Before continuing, I want to add a caution with regard to street photography at night. Safety can be more of a concern at night than during the day. Be careful when you are out. If you are going to venture into areas that are, perhaps, less desirable, make sure you have a ready exit strategy. Tell someone where you are going and when you expect to be back. Do carry your phone with you so that you can call for help if needed. You may want to set up with a friend or family member that you will call or text them when you get home. Taking a friend with you will help as well – the safety in numbers idea. This is another reason to turn off the autofocus aids in the camera. For the same reason, turn off camera sounds too. Keep the LCD dark by disabling automatic image review. Do not use Live View to focus or compose your shots. Travel light when out at night. The less gear you have, the less obvious you will be to those elements who may have designs on your expensive kit. It will also mean you can move more quickly if necessary. Do not stay in any one place too long. As much as you might try to keep out of sight and think you are not being noticed, you are an interloper. There are people who are far more used to being out at night and know who else is usually around them than you and they will take note of your presence in fairly short order. If you stay in one place too long, you will become suspicious to them and they may become motivated to motivate you to move on. If you are driving, do not park near where you are going to be shooting, particularly if you will be in a less desirable area. If someone wants to follow you as you are leaving, they typically will not go too far. If you park close by, they may be able to get your license plate number, which is information you do not want them to have. Park further away and walk, take a cab, or transit to your desired location. This will sound sexist, and for that I apologize, but these cautions apply to an even greater degree if you are a woman.
Public service announcement out of the way, let us return to the art of shooting at night.
Light is more isolated and directional at night. You can use this to your advantage. The light from a streetlight can highlight or spotlight a subject. Light from a window or doorway can act as a wonderful frame for your subject. Reflected light off pavement markings like lines on the road or marking spaces in a parking lot can work well as leading lines or frames to help you compose your shot and direct the viewer to your subject. Indirect light from colorful signs and billboards can fill your scene with a rainbow of hues. You can see, in the images below shot in the course of just a few minutes, how the lighting from outside the frame altered the colors in the image. Embrace the color you have available to you, don’t try to fight it.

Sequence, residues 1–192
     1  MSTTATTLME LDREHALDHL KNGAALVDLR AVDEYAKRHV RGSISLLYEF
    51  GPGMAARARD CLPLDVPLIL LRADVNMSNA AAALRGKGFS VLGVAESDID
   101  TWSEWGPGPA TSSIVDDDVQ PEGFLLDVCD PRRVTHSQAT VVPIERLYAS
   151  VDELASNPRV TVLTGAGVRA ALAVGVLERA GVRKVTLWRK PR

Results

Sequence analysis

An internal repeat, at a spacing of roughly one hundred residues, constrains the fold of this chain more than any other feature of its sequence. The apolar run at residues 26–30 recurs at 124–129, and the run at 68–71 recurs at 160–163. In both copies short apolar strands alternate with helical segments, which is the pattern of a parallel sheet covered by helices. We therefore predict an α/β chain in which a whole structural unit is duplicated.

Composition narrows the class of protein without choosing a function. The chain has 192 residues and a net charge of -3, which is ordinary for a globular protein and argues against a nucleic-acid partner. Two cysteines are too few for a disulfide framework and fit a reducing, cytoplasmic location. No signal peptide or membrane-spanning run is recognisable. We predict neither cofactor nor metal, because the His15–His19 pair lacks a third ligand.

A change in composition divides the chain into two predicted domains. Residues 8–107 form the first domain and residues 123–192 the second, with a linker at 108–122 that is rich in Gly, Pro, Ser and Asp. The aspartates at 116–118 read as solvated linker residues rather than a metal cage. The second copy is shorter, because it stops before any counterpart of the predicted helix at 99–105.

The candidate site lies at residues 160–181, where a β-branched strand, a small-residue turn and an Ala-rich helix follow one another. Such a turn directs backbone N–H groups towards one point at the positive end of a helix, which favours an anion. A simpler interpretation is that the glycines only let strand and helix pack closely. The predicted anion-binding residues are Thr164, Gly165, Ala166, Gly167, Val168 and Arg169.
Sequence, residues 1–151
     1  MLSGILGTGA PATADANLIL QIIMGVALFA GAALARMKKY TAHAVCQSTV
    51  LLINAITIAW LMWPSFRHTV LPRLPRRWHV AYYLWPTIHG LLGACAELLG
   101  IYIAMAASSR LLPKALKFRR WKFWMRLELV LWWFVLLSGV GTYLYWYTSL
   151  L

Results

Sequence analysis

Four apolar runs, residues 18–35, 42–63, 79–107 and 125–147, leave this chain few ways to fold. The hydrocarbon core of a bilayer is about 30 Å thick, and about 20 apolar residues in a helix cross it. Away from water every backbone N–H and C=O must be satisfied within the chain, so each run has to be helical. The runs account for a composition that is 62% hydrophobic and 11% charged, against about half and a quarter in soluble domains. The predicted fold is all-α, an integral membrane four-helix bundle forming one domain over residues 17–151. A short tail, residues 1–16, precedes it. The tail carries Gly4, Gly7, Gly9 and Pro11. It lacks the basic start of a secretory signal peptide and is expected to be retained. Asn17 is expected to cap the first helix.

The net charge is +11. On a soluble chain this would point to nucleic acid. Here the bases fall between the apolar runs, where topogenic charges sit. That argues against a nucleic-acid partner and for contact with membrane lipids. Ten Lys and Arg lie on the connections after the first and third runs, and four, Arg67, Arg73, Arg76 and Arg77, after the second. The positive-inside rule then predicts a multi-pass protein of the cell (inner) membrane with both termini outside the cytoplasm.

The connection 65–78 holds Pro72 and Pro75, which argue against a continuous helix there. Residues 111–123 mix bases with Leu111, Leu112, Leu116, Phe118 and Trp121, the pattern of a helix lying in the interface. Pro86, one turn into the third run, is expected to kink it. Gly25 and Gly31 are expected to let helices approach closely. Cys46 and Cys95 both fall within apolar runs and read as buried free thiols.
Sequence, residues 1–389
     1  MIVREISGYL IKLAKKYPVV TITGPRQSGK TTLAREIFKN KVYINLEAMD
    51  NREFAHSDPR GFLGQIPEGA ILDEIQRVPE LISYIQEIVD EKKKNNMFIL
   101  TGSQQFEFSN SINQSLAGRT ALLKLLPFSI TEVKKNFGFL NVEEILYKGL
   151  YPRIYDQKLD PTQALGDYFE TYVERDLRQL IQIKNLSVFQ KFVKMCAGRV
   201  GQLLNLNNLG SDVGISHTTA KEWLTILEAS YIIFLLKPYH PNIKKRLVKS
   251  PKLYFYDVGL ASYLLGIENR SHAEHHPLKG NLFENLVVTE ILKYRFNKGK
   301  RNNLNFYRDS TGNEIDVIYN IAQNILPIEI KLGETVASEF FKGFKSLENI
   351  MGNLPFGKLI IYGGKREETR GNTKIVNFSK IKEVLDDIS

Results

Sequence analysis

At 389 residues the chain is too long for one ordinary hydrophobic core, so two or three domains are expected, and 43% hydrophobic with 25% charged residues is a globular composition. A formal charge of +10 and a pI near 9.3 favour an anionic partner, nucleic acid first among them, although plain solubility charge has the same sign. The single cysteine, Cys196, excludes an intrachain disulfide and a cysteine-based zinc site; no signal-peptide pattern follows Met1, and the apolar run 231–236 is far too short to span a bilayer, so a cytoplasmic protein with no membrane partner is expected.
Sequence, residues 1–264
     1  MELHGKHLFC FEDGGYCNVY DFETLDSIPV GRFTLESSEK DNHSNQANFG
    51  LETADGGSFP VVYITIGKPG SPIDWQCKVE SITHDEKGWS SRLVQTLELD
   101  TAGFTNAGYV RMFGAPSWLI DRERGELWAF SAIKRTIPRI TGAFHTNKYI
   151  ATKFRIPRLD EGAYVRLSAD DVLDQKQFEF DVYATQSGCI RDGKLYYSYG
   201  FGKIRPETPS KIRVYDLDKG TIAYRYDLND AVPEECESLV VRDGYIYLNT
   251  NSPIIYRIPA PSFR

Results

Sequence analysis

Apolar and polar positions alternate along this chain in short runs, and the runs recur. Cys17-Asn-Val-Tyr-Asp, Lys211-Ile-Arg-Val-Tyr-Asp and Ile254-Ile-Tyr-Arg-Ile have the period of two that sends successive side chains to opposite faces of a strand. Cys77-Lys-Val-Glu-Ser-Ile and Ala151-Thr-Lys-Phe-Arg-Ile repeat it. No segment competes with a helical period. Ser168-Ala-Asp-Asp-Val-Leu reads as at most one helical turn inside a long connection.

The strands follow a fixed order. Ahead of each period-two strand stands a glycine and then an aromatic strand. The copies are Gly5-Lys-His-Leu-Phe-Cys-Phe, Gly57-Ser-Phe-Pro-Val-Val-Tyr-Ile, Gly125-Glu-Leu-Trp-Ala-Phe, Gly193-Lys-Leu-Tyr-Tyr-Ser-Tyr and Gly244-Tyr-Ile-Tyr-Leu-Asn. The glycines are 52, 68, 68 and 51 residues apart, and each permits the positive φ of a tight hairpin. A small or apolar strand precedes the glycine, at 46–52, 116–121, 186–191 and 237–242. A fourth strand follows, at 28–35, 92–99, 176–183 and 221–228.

Another aspect of the night you can embrace is movement. With your ISO raised and aperture set wider, your shutter speeds will be in the hand holdable range allowing you to freeze movement if you wish. But there is also the ability, more so than during the day, to use movement to your advantage. Pan with your camera to follow a subject and blur the surrounding parts of the scene. While you won’t be carrying a tripod, there are other ways to support your camera for slower, below hand holding, shutter speeds to blur movement. A bench, a mailbox, a ledge, stairs. Any of these can make a good platform to keep the camera steady, blurring movement in the scene but keeping other static elements sharp. The few shots of these break dancers performing in Toronto on a summer night illustrate the effect.
What does movement do for us? It provides a sense of activity, as we described earlier. It adds life and vitality to a picture. Pictures like the ones of the dancers would not have the same visual impact if higher shutter speeds had been used to freeze all movement. The shots would look staged and rigid. The flow and rhythm of the setting would not have been conveyed. The pictures would be incomplete. With the movement, we can imagine the music playing in the background and sense the pleasure that onlookers were getting from the performance. One expression of movement that I, personally, do not find appealing is the hand held, long shutter speed shot. The jittery movement created in the scene from the unsteady camera is visually jarring. We are often unable to discern any recognizable features in the shot. It can, in some cases, make for a good exercise in abstraction – which is a valid artform on its own – but it is less appealing for street photography.
Here is a good place to include some small commentary on the weather and its impact on street photography. Weather, good and bad, can alter what we see and how people conduct themselves.
In summer, it is warm and sunny. People are wearing fewer clothes, are unconstrained and ‘free’. This feeling of lightness, of freedom can be seen and captured in their actions. Conversely, in winter, when people are bundled up, they are huddled to keep out the cold. Movements are constricted by heavy winter coats. Faces are obscured by hats, toques and scarves. The atmosphere is different. The people in the atmosphere act differently. There is a more hurried sense to their actions and movements as they try to spend as little time in the cold as possible. Even where people are enjoying winter activities, like skating or sledding, they are still bundled in layers of clothes and their movements are greater to help keep warm. Even leisure time, in winter, is more frenetic than it may be in summer.
These contrasts present interesting opportunities to the street photographer.
Likewise the rain provides us with opportunities to use light and reflection to our advantage, creating surreal canvases that can challenge the viewer’s perception of what is or is not happening.